Dark Water Walleye:

  • Walleye fishing on stained or dark water tends to be more consistent than on clear water lakes. This type of water is also less affected by weather changes, especially cold fronts. With the lack of sunlight walleyes will stay shallow most of time and are easier to locate and catch. If the visibility is less than one foot try bright and noisy artificial lures which are easier for the walleye to detect. If you prefer live bait add a fluorescent attractor or spinner.
  • The best fishing times on dark water is mid-day between 10:00-5:00 rather than dawn and dusk. The night bite is likely to be poor. Sunny calm days will out-perform cloudy windy days. The best lures for dark waters are crank baits that vibrate and have rattle chambers and inline spinners in fluorescent colors. Jigs will also work surprisingly well even though they do not produce any sound. Use fluorescent and glow in the dark (phosphorescent) colors tipped with live bait.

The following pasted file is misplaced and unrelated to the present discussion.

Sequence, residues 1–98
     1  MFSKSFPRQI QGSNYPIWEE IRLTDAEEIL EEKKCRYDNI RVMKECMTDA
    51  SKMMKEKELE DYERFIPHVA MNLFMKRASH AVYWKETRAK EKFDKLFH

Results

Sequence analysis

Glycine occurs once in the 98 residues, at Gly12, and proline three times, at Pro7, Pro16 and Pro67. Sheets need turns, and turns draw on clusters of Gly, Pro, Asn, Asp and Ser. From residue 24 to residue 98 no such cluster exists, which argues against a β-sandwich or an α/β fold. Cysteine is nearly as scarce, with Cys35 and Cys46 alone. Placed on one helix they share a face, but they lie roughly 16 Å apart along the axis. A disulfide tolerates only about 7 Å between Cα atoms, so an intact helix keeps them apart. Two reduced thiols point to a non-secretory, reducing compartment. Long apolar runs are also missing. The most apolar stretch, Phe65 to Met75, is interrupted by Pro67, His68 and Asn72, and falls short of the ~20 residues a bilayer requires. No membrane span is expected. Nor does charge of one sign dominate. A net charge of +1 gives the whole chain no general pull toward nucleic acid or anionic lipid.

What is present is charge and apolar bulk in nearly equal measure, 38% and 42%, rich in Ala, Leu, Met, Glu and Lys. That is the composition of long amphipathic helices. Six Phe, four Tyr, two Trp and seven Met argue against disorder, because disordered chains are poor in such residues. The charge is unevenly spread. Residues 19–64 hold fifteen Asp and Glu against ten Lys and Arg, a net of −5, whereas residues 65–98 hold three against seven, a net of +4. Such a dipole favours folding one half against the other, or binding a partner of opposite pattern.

• On stained lakes with visibility of 3 feet or greater, live bait set-ups are a better choice than artificial lures. Add a brightly colored attractor or spinner to your live bait rigs to help attract fish.
  • Locations:

With weed growth on dark water and stained lakes being very limited find the weed edges and cast perpendicular to the edge. Shallow reefs and rock humps will also hold fish regularly.